This means 10,027 more offenders were spared the unforgiving prison life in 2020, as compared to 2019.
The report notes the significant increase affirms “the drastic measures taken by the justice institutions to use community service orders as an alternative to jail terms due to Covid-19”.
In another case, a court last year handed a community service sentence to a man convicted of manslaughter.
Legally in Kenya, the offence of manslaughter is punishable by the maximum penalty of life imprisonment under Section 205 of the Penal Code.
The Economic Survey indicated that last year, five people convicted of rape and attempted rape were also committed to serve community-service sentences, as opposed to 2019 where of all the rape convicts went to jail.
As for assault, the number of people committed to serve community sentences increased from 95 to 293, while robbery and related offences saw those committed to community service rise from two in 2019 to 22 last year.
The report further indicates 124 break-in convicts were spared prison life, up from four in 2019, in a trend where avoiding the risk of Covid-19 transmission in congested places ended up handing a lifeline to criminals, while on the other hand showing the effectiveness of alternative sentences particularly for petty offenders.
The law allows for people whose sentences are less than three years to be committed to community service instead of being jailed, as a way of decongesting prisons and reducing stigmatisation of offenders. The free labour involved helps cut costs and avert hardening of petty offenders.
The Economic Survey report notes the number of offenders committed to community service for penal code offences (with the exception of 19 offences) last year increased to 13,389, from a low of 5,319 in 2019.
Cases of ‘Theft by servant’ alone increased from 20 in 2019 to 230 last year, while 439 more ‘General stealing’ offenders were spared jail time, as compared to only 75 who served community service sentences in 2019.
A 2016 National Crime Research Centre (NCRC) survey on delivery of community-based service orders in Kenya found that a majority of magistrates, probation officers, community members and offenders found CSO sentences beneficial, particularly in reconciliation and reintegration of offenders, victims and the community.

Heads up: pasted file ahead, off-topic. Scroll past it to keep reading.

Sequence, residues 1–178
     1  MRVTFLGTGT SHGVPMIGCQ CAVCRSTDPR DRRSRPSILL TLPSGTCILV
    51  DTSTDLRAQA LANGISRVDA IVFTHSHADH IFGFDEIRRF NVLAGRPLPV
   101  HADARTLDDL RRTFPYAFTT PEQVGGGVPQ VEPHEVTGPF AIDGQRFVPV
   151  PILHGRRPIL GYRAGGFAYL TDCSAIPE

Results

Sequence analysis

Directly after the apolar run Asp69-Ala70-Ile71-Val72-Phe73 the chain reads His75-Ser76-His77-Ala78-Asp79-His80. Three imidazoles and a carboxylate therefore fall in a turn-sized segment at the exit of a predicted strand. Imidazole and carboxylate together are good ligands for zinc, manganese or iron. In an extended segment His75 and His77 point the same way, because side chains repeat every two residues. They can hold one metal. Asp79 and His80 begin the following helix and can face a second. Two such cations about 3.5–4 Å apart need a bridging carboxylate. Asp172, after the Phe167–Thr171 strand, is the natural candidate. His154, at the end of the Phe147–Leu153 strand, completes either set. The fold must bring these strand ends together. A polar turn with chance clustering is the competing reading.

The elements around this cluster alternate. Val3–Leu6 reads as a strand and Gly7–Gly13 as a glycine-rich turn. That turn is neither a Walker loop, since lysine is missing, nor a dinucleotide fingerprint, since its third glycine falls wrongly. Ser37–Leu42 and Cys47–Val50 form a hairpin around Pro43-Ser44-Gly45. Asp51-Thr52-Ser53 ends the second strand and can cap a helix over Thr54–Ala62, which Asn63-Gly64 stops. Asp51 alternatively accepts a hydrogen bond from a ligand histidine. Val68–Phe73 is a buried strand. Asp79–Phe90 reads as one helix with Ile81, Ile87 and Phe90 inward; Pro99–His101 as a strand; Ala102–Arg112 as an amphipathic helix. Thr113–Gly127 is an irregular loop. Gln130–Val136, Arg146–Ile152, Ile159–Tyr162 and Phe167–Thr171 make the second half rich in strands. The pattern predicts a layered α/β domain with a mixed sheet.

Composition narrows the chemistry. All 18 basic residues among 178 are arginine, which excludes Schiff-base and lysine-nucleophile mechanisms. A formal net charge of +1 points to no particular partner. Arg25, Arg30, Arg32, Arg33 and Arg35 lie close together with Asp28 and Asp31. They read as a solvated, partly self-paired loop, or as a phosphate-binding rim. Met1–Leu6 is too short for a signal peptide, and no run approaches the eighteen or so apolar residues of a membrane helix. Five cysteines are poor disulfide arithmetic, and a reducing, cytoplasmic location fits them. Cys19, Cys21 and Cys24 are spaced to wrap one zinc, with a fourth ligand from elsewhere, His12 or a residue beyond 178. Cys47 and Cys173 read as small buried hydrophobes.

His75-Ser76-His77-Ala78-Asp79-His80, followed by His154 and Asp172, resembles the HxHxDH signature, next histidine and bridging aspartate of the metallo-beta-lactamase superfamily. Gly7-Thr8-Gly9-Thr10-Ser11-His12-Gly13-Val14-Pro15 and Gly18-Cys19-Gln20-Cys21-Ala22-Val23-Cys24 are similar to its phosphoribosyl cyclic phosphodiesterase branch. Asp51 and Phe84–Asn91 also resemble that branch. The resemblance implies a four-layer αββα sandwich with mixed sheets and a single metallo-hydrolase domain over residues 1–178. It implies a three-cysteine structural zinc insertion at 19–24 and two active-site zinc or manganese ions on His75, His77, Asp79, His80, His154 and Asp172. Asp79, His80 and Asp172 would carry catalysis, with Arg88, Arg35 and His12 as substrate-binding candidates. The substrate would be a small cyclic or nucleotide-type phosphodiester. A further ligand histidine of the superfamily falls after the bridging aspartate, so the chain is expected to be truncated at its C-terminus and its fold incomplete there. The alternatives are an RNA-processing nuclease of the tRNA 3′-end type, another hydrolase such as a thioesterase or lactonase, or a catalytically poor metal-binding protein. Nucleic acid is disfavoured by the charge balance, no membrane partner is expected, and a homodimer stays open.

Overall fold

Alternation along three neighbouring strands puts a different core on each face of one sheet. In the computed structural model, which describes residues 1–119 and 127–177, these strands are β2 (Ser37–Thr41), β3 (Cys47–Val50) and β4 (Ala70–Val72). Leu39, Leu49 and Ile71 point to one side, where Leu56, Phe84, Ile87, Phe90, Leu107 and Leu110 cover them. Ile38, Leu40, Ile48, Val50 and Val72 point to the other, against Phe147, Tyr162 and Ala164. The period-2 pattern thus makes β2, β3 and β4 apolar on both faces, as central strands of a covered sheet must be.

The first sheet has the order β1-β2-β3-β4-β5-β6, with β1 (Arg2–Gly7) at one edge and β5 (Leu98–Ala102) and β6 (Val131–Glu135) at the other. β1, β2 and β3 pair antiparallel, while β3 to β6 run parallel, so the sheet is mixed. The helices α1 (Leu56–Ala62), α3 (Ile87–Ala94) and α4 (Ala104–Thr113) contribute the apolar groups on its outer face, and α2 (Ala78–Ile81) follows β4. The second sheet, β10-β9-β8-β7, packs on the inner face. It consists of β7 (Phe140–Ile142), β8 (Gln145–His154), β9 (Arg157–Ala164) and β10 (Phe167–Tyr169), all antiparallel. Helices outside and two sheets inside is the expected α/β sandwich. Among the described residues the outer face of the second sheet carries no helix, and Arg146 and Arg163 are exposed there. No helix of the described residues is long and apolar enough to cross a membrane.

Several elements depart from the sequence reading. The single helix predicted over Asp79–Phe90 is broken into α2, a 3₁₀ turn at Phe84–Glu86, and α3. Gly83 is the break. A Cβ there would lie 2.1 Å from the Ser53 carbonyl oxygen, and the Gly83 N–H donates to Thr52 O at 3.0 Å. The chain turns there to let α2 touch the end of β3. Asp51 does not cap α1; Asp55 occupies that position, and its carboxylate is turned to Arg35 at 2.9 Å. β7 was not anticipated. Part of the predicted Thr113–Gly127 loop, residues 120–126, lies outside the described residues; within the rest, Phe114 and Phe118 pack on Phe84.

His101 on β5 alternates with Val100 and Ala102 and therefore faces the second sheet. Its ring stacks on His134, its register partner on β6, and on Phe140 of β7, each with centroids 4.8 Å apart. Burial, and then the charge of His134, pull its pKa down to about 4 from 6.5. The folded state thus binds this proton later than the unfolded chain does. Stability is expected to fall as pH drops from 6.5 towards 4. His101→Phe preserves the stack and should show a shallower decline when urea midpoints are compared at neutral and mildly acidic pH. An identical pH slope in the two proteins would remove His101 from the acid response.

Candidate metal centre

“The study established that the major specific offender rehabilitation and supervision activities carried out through the CSO Programme included: supervision in cleaning and maintenance of public facilities, guidance and counselling, as well as skills transfer and training. Tangible projects such as afforestation/tree planting, construction of public utilities such as toilets, and farming, for example, fish and poultry keeping, had also been realised through the CSO sentence,” the NCRC report stated.
The study, however, found out that the sentence was underutilised, noting that the prison population was more than double the CSO placements for similar petty offences in 2016 – that is, 80,614 prisoners against 37,729 CSO offenders – translating to only 31.9 per cent of the offenders who were committed to CSO in comparison to 68.1 per cent who were committed to prison sentencing of less than two years for similar offences.
NCRC made radical policy recommendations, including that the National Council on the Administration of Justice (NCAJ) should put in place sentencing guidelines requiring courts to issue CSO sentences as a first option for petty offences whose prison sentences would have been three years and below.
It also recommended that the Judiciary and the Probation and Aftercare Services Department should undertake to decongest prisons by committing petty offenders to community service.
The NCRC further recommended that the Ethics and Anti-Corruption Commission, the National Police Service, the DPP, the Judiciary and the Probation and Aftercare Service Department address any forms of corruption in the CSO Programme.